What separates TIG welding from other welding procedures is the way the arc is created and how the filler metal is applied. Although this particular process is slower than others, when done correctly, it can produce a stronger, more durable weld.
Using a constant current welding power supply, TIG welding produces electrical energy conducted across the arc of the metal through ionized gas and metal vapors. TIG welding is mostly used on highly critical weld joints and metals other than steel. It is also used where precise small welds are imperative.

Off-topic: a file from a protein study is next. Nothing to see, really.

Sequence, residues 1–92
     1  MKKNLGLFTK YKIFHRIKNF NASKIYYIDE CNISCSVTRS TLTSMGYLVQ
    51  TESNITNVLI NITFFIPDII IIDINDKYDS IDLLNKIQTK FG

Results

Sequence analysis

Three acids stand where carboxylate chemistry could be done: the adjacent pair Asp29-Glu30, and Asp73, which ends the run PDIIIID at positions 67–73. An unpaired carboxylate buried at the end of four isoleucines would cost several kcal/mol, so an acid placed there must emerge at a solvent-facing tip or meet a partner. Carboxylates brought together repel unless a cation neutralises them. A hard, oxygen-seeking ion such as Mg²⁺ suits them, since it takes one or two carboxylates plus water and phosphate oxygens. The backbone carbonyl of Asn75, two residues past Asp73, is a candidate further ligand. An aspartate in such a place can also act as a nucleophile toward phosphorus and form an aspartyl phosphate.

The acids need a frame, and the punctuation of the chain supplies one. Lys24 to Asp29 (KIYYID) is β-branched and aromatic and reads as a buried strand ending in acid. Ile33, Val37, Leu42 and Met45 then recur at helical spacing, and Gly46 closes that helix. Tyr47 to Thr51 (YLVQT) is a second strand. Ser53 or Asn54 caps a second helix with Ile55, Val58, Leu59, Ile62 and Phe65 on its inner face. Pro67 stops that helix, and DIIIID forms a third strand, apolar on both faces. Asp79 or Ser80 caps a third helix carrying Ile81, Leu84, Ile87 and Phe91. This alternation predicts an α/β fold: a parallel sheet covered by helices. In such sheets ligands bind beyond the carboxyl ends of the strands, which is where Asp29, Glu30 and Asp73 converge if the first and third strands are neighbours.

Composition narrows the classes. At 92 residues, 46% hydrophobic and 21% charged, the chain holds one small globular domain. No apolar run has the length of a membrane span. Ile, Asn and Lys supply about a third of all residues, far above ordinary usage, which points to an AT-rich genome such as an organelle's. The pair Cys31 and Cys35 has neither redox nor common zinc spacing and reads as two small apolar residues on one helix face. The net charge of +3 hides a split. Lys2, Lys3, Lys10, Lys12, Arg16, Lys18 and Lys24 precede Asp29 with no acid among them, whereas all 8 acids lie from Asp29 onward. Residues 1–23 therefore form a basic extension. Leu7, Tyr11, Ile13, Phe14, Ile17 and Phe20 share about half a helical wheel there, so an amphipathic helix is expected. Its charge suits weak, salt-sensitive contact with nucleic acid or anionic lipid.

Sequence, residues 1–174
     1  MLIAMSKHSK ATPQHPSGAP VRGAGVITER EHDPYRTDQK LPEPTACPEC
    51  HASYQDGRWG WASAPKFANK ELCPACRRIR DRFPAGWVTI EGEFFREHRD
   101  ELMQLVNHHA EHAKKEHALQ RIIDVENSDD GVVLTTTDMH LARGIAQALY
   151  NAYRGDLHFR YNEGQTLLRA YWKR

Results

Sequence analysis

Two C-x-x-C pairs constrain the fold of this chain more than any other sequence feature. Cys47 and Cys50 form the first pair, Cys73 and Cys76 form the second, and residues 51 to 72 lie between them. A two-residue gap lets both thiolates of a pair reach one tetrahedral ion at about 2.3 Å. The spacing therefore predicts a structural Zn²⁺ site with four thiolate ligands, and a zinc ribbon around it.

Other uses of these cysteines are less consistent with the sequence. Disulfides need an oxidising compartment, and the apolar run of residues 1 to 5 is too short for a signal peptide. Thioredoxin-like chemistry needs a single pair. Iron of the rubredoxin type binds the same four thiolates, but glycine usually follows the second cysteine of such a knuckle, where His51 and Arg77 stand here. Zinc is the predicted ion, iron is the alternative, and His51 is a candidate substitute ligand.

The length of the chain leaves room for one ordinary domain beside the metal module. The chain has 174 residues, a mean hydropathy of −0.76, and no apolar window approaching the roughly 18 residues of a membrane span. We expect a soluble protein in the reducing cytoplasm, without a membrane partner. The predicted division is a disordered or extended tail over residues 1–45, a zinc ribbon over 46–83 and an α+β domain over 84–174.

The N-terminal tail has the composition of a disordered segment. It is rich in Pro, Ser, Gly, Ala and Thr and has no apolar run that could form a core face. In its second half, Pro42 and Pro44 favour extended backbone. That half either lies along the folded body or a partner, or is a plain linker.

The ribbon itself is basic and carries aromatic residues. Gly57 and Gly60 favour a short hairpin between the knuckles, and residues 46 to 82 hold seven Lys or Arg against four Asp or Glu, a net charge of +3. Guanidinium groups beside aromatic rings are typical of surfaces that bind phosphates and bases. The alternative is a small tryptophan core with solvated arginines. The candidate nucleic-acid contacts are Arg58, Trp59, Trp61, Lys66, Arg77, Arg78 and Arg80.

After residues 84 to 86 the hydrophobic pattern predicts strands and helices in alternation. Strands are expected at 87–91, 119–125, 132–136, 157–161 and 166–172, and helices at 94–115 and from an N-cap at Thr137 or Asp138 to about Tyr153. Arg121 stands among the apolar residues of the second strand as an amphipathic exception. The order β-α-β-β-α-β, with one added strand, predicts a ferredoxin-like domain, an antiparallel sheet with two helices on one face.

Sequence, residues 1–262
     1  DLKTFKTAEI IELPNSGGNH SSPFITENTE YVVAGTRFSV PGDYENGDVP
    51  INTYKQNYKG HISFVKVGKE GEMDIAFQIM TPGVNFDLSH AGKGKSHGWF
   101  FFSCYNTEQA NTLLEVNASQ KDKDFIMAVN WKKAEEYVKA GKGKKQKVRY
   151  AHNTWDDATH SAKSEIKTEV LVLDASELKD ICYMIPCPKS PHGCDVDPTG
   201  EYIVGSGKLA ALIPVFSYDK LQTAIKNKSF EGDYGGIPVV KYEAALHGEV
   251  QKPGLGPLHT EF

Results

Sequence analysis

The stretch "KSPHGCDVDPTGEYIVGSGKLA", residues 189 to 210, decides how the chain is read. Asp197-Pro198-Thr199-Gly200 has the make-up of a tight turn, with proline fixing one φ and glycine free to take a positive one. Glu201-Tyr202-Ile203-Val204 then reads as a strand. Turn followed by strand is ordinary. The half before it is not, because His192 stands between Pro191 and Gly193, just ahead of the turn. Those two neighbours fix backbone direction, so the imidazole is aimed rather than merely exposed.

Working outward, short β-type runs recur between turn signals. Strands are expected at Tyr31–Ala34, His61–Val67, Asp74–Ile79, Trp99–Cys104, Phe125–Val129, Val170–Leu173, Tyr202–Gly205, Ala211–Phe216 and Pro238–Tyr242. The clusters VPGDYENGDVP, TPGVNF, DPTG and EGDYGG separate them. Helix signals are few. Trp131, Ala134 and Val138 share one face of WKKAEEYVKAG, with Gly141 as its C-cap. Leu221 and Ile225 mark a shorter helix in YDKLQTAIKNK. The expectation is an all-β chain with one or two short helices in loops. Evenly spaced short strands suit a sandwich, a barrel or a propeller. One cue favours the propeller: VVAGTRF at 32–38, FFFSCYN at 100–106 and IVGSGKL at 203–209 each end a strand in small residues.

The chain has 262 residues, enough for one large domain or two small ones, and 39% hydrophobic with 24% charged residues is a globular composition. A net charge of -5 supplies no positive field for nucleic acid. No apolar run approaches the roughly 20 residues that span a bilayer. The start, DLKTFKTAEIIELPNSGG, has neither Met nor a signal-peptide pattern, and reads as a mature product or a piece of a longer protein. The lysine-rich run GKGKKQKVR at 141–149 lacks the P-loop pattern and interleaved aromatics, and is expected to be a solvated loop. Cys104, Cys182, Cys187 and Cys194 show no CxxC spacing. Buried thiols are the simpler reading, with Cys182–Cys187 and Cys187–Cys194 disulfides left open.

TIG welding is technically considered a widely accepted slang term within the industry. The more official name for TIG welding is Gas Tungsten Arc Welding (GTAW) used by the American Welding Society, welding engineers, and other welding organizations.
If you are ready to get started as a welder, either fill out the form on this page or find a welding school near you.
To learn more about the industry and becoming a TIG welder, make sure to review our common career questions.